training," says Laurie Bassi, another study coauthor. Bassi is director

of research at Saba Software (based in San Francisco), a maker of

corporate-training software. This holds true for both major types of IT

training -- technical training for specialists and the basic computer-

skills training offered to all employees. Bassi adds that preliminary

indications show that so-called e-learning -- courses delivered over

the Internet or corporate networks -- may not be as effective as

classroom training and other traditional educational techniques.

However, Internet-delivered training is a lot more economical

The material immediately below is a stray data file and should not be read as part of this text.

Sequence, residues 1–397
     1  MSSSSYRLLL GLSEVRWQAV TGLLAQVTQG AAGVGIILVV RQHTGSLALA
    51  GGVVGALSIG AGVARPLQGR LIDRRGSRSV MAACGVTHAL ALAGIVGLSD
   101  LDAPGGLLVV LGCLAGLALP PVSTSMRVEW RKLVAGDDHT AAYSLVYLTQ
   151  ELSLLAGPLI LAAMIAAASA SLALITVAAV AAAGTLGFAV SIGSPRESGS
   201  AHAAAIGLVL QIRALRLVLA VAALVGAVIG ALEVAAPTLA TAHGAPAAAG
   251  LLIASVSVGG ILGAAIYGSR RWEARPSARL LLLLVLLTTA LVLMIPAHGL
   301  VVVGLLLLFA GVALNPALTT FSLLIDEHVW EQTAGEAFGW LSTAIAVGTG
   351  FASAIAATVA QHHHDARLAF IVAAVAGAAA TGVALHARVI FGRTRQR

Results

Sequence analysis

SEC reports

Having established training's ROI, ASTD advocates that publicly traded

companies report training expenditures in the quarterly and annual

financial reports they file with the federal Securities and Exchange

Commission. This would accomplish two important things, the study says:

it would provide investors with new information that could improve

their portfolio performance, and it would give managers increased

confidence that they would be rewarded in the marketplace for putting

money into human capital.

A related advocacy effort is underway at the Brookings Institution

(based in Washington, D.C.), which will soon publish a report,

entitled "Unseen Wealth," detailing the conclusions of a task force

studying the importance of intangible assets in today's knowledge-based

economy. The report was cowritten by Steven Wallman, a former SEC